Using NASA's Wide-field Infrared Survey Explorer telescope, astronomers have finally spotted a collection of ultra-cool brown dwarfs they have been hunting for more than a decade. These tepid almost-star orbs are nearly impossible to see with a normal telescope, but WISE's infrared vision was able to pick them out.
NASA is spending roughly US$175 million on three new technology demonstration projects, one of which is aiming to take HD data streaming to Mars. The Laser Communications Relay Demonstration (LCRD) will explore reliable optical communications technologies that could boost data rates between Earth and deep space by a couple of orders of magnitude.
Last week, we told you about a New York Times analysis of the green jobs sector, painting a disappointingly dismal picture given all the hope surrounding economic growth via clean-energy technology. But now, a new piece from the watchdogs at Grist has taken strong issue with the Times's dreary conclusion.
Last time we looked at the UK's teeming video surveillance technology sector we were writing about facial recognition software that Scotland Yard was trialling during the recent London riots. But facial recognition is both fraught with privacy concerns and difficult to make reliable. So researches at Kingston University are building a CCTV system that uses AI to recognise specific types of criminal behaviours--like someone brandishing a firearm--and use that to alert authorities and build a video profile of the way a crime unfolded.
Our favorite Twitter ‘bot--no, like an actual robot that tweets--is out of the box and live-tweeting its new life on the International Space Station. Robonaut 2 was actually unboxed several months ago (it was delivered by the final Discovery mission in February) but has been sitting idly, waiting for the crew to get around to firing it up. Now R2 is plugged in, and man is it ever chatty.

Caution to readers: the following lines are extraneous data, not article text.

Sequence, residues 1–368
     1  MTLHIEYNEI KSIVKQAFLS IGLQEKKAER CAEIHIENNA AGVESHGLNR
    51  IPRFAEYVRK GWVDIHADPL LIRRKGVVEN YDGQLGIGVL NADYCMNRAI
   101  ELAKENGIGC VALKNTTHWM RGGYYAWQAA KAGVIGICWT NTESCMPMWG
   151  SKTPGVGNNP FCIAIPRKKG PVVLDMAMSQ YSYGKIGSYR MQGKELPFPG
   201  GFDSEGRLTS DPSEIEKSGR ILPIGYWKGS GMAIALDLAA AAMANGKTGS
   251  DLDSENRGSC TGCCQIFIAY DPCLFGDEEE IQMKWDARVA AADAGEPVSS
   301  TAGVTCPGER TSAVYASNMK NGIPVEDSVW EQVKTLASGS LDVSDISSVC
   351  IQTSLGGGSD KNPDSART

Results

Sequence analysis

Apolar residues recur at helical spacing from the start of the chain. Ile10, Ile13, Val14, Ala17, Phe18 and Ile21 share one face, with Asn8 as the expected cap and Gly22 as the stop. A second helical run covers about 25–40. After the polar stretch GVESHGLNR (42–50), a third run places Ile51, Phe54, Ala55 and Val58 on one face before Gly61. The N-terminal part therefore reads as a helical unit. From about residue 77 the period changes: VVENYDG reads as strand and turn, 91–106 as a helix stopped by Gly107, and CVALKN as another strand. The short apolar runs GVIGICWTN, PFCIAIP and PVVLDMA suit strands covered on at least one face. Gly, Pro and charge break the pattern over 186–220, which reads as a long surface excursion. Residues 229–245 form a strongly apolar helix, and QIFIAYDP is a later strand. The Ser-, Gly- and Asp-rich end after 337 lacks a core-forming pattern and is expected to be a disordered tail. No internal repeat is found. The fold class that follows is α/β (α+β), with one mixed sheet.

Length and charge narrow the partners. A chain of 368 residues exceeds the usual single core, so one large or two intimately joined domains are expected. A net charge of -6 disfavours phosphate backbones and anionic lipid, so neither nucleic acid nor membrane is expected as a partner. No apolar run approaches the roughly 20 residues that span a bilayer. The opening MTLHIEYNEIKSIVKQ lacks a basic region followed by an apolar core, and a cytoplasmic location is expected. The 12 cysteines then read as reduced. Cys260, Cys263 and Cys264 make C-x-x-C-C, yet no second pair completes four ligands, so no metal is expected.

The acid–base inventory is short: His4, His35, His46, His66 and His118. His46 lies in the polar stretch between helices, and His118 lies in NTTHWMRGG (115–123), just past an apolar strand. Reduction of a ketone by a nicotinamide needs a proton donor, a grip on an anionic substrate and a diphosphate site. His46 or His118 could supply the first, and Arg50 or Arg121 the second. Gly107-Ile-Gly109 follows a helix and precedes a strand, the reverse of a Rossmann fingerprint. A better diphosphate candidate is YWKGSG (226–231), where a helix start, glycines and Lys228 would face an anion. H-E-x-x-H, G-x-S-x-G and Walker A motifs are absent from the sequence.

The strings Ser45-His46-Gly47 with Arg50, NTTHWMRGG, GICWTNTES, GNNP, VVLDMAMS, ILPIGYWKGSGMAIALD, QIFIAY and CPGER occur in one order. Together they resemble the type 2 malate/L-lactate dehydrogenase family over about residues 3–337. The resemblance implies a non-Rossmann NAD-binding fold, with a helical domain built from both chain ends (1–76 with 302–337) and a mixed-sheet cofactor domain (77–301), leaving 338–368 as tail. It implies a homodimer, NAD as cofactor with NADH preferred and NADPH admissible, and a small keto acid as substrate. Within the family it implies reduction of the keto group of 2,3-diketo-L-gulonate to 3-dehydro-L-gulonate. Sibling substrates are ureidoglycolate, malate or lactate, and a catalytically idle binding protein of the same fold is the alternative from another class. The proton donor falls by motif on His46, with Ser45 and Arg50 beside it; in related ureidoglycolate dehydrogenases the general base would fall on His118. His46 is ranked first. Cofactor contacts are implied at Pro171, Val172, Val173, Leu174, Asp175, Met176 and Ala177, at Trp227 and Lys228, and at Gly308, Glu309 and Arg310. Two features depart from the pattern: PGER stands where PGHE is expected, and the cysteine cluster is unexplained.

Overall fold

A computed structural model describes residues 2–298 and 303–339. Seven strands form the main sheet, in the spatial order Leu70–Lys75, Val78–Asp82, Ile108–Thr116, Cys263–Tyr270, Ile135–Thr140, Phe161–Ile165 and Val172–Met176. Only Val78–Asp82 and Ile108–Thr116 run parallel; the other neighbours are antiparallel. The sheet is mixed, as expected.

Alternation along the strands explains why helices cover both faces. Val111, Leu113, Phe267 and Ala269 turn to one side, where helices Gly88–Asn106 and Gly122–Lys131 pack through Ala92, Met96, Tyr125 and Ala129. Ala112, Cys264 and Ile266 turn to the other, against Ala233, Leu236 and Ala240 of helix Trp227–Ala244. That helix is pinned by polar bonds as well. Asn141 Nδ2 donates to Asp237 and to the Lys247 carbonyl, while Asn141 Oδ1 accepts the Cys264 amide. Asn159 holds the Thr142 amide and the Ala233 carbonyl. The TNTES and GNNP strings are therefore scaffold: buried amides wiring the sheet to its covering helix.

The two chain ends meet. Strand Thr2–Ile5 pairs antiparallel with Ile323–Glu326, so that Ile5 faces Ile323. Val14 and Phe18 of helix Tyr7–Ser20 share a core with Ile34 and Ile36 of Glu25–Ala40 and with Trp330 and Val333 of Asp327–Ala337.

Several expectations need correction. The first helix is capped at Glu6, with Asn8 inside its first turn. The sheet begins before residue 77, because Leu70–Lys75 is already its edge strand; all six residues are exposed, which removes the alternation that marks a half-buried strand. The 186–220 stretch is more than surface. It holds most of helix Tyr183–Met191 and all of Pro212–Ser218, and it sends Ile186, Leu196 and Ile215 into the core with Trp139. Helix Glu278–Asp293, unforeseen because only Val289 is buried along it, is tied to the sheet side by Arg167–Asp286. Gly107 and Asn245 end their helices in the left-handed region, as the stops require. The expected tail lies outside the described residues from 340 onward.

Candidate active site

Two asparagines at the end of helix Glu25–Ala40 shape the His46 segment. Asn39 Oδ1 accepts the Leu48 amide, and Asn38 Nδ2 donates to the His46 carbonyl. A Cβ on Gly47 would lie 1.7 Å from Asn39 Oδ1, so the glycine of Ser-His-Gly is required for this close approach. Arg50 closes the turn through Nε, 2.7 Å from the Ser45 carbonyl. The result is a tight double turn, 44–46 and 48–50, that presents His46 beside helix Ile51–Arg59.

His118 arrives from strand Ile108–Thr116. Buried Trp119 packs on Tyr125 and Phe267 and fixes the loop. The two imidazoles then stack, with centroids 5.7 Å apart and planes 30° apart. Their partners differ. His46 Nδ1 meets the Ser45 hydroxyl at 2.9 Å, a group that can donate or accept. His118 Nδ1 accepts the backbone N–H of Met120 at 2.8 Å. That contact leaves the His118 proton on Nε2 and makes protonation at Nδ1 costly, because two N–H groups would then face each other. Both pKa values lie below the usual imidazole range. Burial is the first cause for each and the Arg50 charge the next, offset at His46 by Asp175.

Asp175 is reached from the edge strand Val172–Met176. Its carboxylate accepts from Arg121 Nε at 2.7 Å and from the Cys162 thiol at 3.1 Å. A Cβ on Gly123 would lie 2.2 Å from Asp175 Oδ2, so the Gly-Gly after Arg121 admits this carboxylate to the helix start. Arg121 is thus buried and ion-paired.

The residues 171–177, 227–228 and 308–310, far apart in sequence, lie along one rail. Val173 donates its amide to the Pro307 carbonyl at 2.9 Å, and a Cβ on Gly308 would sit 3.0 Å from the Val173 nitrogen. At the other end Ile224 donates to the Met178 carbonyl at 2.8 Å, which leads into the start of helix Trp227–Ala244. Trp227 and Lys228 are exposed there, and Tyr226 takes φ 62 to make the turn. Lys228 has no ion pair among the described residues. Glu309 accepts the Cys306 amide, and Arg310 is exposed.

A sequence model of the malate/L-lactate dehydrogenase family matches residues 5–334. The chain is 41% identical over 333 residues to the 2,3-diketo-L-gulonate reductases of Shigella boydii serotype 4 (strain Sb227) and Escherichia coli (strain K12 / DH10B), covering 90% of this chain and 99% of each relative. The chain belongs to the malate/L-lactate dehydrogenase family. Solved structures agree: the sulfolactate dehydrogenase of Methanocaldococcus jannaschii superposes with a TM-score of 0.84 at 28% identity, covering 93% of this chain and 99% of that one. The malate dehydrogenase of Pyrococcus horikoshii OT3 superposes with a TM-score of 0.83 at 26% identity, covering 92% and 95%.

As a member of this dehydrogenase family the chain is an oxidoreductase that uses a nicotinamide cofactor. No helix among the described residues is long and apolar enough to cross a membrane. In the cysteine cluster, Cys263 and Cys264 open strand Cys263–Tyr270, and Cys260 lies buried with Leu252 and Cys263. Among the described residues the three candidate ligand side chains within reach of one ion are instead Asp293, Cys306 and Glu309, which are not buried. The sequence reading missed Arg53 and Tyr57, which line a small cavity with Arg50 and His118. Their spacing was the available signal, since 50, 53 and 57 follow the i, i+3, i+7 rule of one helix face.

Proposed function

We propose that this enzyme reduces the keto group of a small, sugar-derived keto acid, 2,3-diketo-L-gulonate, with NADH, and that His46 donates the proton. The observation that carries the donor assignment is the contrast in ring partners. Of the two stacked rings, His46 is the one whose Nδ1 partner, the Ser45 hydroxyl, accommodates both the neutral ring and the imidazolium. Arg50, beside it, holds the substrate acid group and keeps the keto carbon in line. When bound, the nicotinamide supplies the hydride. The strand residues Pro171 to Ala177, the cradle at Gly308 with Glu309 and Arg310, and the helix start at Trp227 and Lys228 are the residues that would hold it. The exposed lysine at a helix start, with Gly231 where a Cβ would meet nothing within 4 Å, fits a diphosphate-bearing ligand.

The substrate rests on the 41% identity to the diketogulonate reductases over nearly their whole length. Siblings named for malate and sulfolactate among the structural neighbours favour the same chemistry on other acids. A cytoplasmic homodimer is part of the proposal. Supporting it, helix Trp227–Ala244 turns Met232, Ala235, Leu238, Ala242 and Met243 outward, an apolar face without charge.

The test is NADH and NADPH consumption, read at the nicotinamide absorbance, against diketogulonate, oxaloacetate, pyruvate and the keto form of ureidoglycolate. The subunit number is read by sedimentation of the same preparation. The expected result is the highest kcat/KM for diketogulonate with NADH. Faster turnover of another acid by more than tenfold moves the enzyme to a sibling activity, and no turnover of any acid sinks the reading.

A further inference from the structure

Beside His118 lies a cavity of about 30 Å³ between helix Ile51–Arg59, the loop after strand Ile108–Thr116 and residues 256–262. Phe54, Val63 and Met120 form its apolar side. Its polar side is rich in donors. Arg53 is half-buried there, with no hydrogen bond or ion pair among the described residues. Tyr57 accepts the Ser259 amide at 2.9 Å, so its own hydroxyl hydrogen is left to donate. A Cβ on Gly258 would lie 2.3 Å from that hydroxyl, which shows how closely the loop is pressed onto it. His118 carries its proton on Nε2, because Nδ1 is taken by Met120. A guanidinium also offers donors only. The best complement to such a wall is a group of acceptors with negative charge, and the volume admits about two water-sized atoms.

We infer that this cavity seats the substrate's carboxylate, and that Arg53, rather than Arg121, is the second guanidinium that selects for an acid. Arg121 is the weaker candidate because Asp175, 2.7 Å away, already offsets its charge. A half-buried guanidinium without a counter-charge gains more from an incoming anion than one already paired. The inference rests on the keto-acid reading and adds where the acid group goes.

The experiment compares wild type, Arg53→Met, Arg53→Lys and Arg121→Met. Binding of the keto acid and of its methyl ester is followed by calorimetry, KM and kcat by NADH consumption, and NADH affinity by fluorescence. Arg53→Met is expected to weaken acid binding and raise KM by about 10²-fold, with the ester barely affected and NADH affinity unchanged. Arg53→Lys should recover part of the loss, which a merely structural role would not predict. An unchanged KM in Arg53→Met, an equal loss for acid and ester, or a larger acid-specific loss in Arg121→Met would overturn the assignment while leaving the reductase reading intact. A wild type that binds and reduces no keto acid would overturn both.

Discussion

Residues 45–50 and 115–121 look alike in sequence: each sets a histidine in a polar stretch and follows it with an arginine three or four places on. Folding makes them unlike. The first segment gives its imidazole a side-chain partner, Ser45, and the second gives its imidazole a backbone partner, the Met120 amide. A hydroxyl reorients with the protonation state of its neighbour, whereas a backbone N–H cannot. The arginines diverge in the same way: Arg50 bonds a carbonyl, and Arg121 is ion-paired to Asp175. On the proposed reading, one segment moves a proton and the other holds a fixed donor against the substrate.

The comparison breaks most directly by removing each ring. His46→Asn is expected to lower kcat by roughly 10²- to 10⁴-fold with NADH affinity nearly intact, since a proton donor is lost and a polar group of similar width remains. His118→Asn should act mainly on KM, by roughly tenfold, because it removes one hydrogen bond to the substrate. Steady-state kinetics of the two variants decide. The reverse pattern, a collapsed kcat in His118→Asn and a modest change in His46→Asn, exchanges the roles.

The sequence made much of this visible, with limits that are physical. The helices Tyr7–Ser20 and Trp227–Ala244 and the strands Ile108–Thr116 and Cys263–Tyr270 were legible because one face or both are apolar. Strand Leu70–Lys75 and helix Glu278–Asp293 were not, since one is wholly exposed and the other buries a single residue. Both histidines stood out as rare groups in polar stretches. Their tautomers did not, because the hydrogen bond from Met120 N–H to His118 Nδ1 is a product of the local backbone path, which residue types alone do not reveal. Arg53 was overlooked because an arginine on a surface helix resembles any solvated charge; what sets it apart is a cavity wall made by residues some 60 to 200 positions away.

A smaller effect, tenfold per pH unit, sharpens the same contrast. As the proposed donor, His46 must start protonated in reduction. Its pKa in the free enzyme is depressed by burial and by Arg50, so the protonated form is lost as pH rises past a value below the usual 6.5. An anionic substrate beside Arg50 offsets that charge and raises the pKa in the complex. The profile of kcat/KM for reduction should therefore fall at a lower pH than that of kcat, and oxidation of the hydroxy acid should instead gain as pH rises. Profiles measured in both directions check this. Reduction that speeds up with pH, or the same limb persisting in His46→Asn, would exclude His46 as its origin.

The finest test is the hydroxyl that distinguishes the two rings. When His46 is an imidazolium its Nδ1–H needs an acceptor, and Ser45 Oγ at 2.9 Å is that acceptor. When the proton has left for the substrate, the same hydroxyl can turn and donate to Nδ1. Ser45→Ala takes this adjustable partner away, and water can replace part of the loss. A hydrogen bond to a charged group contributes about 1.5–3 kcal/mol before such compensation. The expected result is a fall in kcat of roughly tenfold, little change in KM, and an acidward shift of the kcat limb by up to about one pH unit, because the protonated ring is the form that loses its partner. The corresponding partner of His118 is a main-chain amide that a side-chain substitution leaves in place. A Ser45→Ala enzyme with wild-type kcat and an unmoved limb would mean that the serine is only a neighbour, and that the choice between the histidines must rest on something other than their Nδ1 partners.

Commanding an army of drones is one thing; letting drones command themselves is something else entirely, especially when they have very little in common. Boeing recently tested a swarm network to help disparate drones work together, sending two types of unmanned aerial vehicles on a reconnaissance mission over eastern Oregon.
Until companies start launching private spaceships, Russian-built space capsules will be the only way to get astronauts up to the International Space Station or other orbital outposts. If these images are accurate at all, Russian-built spacecraft might as well stay the only option. Doesn't this look cozy?
Guide dogs are great, but vision-impaired people sometimes need to find their own way through complex environments. Instead of checking for obstacles with a trademark white stick, inventor Steve Hoefer has another idea: Use wrist-mounted sonar. Hoefer designed a haptic gauntlet with ultrasonic sensors mounted just over the knuckles. The Tacit, as it's called, is encased in a neoprene cuff and can sense objects from about two and a half centimetres all the way up to 3 metres.
Carmakers have spent the past few years aggressively downsizing engines throughout their lineups to meet increasingly tight fuel-economy regulations. But with the sole exception of the three-cylinder Smart Fortwo, four cylinders is as low as carmakers have expected Americans to go. Three-cylinders are common in Europe but have been scorned in the U.S., where they're tainted by association with claptrap cars like the mousy Geo Metro. Now, with fuel-economy standards set to rise as high as 90.4 kph by 2025, Ford is planning to bring the three-cylinder to the American mainstream.
Dual-core processors have been a computing mainstay for more than six years, allowing machines to handle two tasks at once without sacrificing speed in either. This year, dual-core chips have begun popping up in app-hungry phones. The next step: cameras. The Olympus PEN E-P3 is the first digital camera running on a dual-core chip, which lets it capture, retouch, and save shots nearly twice as fast as most competitors.
A dog can accurately detect the early presence of lung cancer by sniffing patients' breath, doctors in Germany say. While researchers have known for some time that dogs can sniff out the telltale signs of other forms of cancer, this is the first study that proves dogs can reliably smell this particular kind.